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PECL/mysqlnd_ms: MySQL 5.6.4-m8+ global transaction identifier feature supported

Note: This article was originally published at Planet PHP on 6 March 2012.
Planet PHP

MySQL Replication is sometimes critizied for being asynchronous and having slaves that lag behind. True! However, sometimes slaves can be used safely and reliably for read-your-writes. Its easy for PHP MySQL users. All the magic is in the driver. As of yesterday, the development version of PECL/mysqlnd_ms 1.3.0-alpha supports not only a client-side global transaction ID emulation but also the global transaction identifier feature of MySQL 5.6.4-m8.

Read-your-writes (session consistency) with MySQL Replication

A global transaction identifier can be understood as a sequence number for a transaction. The sequence number is incremented whenever a write transaction is performed on a MySQL replication master. Slaves replicate the transaction ID. After a client has executed a write on the master he can obtain a global transaction identifier created for his write set. Then, the client can use the ID to find a slave which has replicated the writes already.

$link-query("INSERT INTO test(id) VALUES (123)"); $gtid = mysqlnd_ms_get_last_gtid($link);

| A Master A A GTID = 27263 A Slave 1 Slave 2 Slave 3 GTID = 27263 GTID = 27251 GTID = 27263

Without global transaction identifiers there is no safe and water-proof way of telling whether a slave has replicated the latest changes or not. Thus, PHP clients in need for session consistency had to query the master only after their first write for the rest of their request. This approach has two downsides: the master has to handle read load at all and it potentially has to handle reads although slaves have caught up.

Client-side emulation and server-side feature

PECL/mysqlnd_ms 1.2.0 has introduced a client-side global transaction ID emulation to solve this. Details of the server selection and the global transaction ID emulation are greatly hidden from the user. Set the consistency level you need calling mysqlnd_ms_set_qos() and the plugin takes care. More than 75 pages full of examples, a quickstart and reference materials in the PHP manual give the details. $link can be a MySQL connection from mysql, mysqli or PDO_MySQL, if those have been compiled to use the mysqlnd library, which is a default on all platforms as of PHP 5.4.0.

$link-query("INSERT INTO test(id) VALUES (123)"); $gtid = mysqlnd_ms_get_last_gtid($link); /* requesting read-your-writes */ if (false == mysqlnd_ms_set_qos($link, MYSQLND_MS_QOS_CONSISTENCY_SESSION, MYSQLND_MS_QOS_OPTION_GTID, $gtid)) { printf(" [%d] %s\n", $link-errno, $link-error); } /* do your reads */ /* return to relaxed eventual consistency */ if (false == mysqlnd_ms_set_qos($link, MYSQLND_MS_QOS_CONSISTENCY_EVENTUAL)) { printf(" [%d] %s\n", $link-errno, $link-error); }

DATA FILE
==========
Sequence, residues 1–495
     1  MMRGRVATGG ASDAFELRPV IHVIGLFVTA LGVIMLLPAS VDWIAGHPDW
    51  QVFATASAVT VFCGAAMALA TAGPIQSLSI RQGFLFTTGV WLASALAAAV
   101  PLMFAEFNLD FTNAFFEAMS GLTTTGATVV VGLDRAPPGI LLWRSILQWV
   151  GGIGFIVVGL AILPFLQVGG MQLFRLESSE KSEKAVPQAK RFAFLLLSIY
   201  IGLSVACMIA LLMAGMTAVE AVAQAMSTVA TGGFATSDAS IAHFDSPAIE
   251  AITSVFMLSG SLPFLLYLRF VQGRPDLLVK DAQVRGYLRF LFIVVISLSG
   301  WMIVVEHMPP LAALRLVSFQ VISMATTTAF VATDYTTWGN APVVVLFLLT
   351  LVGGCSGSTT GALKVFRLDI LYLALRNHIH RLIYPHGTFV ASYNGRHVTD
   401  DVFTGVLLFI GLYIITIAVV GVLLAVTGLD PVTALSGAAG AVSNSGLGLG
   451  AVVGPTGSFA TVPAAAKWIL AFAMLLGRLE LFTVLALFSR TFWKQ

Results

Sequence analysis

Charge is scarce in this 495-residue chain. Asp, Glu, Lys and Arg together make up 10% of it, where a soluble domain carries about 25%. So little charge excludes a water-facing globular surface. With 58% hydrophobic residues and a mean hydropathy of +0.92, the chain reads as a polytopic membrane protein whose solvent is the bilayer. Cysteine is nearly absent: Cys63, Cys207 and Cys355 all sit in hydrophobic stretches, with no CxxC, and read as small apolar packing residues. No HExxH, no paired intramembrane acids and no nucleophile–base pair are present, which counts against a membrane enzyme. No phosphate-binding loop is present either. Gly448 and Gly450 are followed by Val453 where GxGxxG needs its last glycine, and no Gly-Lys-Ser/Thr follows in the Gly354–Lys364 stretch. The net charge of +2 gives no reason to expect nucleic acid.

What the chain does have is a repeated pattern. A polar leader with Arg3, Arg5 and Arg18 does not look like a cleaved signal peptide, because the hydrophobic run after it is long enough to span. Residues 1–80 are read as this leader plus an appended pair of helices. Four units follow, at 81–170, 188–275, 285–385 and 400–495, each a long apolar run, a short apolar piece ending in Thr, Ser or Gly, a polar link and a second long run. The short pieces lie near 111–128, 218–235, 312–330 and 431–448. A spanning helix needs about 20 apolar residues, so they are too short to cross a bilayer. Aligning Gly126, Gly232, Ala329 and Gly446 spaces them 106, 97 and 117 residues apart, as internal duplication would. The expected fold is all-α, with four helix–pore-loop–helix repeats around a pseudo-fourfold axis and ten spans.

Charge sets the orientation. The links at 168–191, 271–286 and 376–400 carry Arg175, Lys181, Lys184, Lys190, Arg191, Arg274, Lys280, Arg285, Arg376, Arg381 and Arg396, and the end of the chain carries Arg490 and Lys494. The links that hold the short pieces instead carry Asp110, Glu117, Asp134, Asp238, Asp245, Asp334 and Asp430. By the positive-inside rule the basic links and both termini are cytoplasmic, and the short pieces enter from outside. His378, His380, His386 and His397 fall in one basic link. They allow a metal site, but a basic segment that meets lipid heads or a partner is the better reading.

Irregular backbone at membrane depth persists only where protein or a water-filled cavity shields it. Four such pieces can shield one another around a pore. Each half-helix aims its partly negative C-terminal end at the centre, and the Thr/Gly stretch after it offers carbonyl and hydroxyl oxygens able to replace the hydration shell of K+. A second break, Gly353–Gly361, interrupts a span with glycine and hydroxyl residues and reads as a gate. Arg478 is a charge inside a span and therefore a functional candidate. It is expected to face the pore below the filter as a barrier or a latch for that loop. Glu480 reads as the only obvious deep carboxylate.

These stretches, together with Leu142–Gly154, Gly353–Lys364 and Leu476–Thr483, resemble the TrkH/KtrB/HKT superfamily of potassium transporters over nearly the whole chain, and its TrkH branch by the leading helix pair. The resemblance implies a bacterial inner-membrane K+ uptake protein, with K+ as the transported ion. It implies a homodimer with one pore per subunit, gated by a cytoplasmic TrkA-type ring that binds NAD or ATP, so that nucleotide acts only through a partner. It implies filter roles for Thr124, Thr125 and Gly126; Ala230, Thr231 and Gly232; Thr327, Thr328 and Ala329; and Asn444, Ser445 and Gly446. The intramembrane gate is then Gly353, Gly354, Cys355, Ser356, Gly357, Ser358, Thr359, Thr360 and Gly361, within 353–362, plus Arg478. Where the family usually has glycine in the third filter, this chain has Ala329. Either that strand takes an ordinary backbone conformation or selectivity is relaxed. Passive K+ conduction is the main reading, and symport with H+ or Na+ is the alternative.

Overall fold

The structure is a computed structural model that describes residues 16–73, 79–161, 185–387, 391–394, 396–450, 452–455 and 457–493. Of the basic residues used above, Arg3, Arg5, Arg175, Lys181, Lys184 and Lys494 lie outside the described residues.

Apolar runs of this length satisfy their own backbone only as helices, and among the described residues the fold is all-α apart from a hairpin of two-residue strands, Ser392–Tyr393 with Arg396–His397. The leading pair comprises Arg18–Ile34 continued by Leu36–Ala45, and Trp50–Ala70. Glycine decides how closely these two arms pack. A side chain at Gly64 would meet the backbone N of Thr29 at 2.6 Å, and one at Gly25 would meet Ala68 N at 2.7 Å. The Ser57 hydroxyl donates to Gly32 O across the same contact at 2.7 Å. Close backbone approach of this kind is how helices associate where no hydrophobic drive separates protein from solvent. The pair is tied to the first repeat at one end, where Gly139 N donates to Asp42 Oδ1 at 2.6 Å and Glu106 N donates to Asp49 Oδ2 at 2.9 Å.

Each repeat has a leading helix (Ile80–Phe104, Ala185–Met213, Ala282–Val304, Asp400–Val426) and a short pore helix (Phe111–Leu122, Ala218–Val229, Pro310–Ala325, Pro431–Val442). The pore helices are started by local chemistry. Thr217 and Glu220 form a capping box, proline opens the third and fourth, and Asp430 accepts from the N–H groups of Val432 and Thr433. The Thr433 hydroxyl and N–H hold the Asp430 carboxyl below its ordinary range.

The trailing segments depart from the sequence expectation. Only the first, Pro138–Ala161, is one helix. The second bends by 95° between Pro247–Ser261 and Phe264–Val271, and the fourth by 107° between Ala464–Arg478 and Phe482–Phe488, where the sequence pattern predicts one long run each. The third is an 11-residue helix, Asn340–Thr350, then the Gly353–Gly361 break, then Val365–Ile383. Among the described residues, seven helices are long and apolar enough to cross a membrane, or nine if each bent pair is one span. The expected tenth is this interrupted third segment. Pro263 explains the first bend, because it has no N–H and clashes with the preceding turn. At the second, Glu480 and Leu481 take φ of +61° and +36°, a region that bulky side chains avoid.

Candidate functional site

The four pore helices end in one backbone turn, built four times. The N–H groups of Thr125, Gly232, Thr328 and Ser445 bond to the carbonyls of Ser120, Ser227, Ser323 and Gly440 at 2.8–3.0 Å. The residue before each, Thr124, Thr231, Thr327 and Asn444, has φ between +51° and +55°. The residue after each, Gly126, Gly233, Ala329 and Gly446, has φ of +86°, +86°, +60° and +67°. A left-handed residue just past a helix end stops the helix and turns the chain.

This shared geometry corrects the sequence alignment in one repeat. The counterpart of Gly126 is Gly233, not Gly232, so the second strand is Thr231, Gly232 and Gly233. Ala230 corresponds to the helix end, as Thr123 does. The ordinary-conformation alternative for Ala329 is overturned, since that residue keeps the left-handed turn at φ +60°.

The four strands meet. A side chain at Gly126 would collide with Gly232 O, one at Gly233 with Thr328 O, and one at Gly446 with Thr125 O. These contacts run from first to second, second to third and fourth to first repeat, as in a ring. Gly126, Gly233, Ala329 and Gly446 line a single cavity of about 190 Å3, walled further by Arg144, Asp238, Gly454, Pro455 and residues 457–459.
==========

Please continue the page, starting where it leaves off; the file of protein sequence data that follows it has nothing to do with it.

Maintaining a global transaction ID using a client-side emulation has some limitations. Unless one is faced with an heterogenous environment with MySQL servers of many different versions, this may not be the best option.

  • DBAs must deploy global transaction identifier sequence tables on all nodes
  • Clients must be able to detect transaction boundaries for proper sequence numbering
  • If not all clients update the sequence number gaps are likely. This can easily be the case when not only PHP clients access the master

MySQL 5.6.4-m8 or later add a choice by introducing built-in global transaction identifiers. The server-side approach has non of the listed limitations but may have others that you hopefully will find described in the MySQL Reference Manual soon. PECL/mysqlnd_ms 1.3.0-alpha can either use its own client-side emulation or the server-side feature. From the perspective of a client only after the read-your-writes the only difference is in the SQL that is needed to access and compare global transaction IDs.

Accessing and comparing GTIDs in MySQL 5.6.4-m8+

The MySQL server does not use a simple sequence number as a global transaction identifier. Instead it uses a combin

Truncated by Planet PHP, read more at the original (another 3290 bytes)